Health Overhaul Details Trigger Attention, Debate
The Orlando Sentinel: "It's one of the most overlooked pieces of health-care overhaul, but a plan to help companies pay health-care costs for early retirees has proved popular in Florida, where 69 companies and government agencies have applied for federal help. The companies and government agencies - ranging from school boards to large employers such as Darden Restaurants, the American Automobile Association and Tupperware Corp. - have been approved to receive federal funds that would reimburse 80 percent of the health-care costs for early retirees whose health-insurance claims exceed $15,000 a year" (Shrieves, 9/20).
Kaiser Health News: "A study this month in Health Affairs found that Americans bypass their primary-care doctor more than half the time when they have an acute problem. The study found that 28 percent of visits for acute care occurred in the emergency room between 2001 and 2004. Another 20 percent were handled by specialists. When faced with potentially dangerous conditions such as chest pain or a high fever, going to the ER is the smartest move. But other acute problems -- such as a flare-up of a chronic condition or an upper respiratory infection -- could often be handled outside the ER if the patient's own doctor were available, researchers say"(Andrews, 9/21).
Roll Call: "The political arm of the United States Catholic Church is once more weighing in on the Democrats' health care reform law, this time encouraging regulators not to allocate taxpayer funds for birth control pills and other contraceptives. In a letter released Monday, the U.S. Conference of Catholic Bishops criticized the Health and Human Services Department for attempting to cover the drugs as a 'preventative' service as the agency implements this year's massive Patient Protection and Affordable Care Act" (Murray, 9/20).
The Hill's Healthwatch Blog: "The U.S. Conference of Catholic Bishops raises three main concerns in its objections to coverage of contraception: Family planning is not disease prevention; While preventive services are often low-risk options aimed at avoiding risky consequences later, contraceptives can have the opposite profile; and, [m]andating contraception or sterilization coverage poses a threat to the rights of conscience of religious employers and others" (Pecquet, 9/20).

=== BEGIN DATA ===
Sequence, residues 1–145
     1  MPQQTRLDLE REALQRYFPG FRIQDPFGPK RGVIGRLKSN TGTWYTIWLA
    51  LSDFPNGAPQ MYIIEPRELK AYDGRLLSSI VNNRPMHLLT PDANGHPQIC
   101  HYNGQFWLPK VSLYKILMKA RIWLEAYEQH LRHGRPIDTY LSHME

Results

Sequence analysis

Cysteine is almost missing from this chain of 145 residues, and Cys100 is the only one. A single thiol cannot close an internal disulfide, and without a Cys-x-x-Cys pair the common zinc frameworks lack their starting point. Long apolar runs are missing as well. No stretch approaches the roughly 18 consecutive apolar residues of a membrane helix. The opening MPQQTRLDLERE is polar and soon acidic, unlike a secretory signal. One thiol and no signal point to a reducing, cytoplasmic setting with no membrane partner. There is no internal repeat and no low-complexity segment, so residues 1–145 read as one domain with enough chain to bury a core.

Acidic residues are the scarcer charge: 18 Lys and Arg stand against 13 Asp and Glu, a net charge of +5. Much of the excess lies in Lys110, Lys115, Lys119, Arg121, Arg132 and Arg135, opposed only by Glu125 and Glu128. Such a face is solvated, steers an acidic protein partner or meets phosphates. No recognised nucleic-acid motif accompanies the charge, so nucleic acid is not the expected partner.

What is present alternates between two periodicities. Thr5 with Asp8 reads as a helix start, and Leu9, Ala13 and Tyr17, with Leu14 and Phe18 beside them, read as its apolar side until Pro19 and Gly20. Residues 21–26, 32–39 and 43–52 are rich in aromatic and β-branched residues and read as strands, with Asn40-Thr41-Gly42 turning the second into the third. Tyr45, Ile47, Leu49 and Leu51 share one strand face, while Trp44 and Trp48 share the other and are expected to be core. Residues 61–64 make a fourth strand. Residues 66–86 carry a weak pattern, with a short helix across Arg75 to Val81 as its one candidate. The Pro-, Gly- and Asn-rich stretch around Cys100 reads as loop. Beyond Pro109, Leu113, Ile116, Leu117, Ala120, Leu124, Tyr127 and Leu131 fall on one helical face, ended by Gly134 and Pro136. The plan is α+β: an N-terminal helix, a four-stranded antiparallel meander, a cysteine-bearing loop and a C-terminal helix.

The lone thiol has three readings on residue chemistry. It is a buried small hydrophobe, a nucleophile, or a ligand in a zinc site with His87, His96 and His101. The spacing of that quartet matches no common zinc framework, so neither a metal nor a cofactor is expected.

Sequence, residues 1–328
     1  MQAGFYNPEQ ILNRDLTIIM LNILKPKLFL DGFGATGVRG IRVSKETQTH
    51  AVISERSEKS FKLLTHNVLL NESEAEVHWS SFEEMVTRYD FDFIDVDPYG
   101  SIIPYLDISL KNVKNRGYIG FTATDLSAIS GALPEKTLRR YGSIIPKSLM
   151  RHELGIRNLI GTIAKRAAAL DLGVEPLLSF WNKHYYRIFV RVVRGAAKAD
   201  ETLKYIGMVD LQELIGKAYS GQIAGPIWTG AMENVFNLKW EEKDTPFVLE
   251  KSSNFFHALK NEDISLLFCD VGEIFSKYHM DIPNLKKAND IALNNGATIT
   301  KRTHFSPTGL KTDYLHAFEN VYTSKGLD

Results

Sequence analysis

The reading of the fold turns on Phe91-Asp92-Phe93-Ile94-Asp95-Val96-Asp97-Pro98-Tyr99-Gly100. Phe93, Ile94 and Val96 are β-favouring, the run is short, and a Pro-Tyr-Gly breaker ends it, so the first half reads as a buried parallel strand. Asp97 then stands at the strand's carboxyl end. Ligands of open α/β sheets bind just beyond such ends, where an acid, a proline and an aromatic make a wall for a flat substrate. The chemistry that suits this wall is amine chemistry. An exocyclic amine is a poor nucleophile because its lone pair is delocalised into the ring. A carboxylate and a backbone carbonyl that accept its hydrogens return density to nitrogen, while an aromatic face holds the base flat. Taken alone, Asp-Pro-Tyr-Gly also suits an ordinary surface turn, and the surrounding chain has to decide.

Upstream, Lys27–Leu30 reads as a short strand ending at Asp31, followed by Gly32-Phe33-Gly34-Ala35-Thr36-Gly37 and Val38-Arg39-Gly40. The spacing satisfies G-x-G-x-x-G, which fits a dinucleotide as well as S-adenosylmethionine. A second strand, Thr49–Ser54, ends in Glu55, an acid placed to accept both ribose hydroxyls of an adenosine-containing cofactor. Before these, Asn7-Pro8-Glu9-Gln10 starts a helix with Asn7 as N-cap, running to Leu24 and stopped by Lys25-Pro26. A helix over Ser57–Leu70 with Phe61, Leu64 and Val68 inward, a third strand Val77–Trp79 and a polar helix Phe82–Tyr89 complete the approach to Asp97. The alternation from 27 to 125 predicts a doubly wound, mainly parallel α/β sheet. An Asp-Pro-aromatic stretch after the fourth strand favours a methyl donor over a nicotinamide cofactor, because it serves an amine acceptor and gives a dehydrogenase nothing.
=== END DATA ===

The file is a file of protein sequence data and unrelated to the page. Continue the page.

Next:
The Wall Street Journal: "For the first time in U.S. history, a public long-term-care program is in the works, part of the health-reform legislation that President Obama signed into law earlier this year. But with many details yet to be worked out, it may be too soon to tell how much impact it will have. Known as the Community Living Assistance Services and Supports, or CLASS, Act, it's designed to help people plan ahead for when they're disabled or frail and need assistance so they can stay independent as long as possible. It's meant to supplement other funding sources such as personal savings, family caregiving and private long-term-care insurance" (Gerencher, 9/20).
Minnesota Public Radio: "Leaders of three Minnesota health maintenance organizations -- Medica, Blue Cross Blue Shield of Minnesota, and HealthPartners -- agree on one thing: the No. 1 challenge they face is planning for the law's reforms when the government is still ironing out the details. While the public sees it as a done deal that's a sweeping 2,000-plus pages long, Minnesota's HMOs see it as merely a framework with a lot of important pieces missing" (Stawicki, 9/21).This is part of the Morning Briefing, a summary of health policy coverage from major news organizations. Sign up for an email subscription.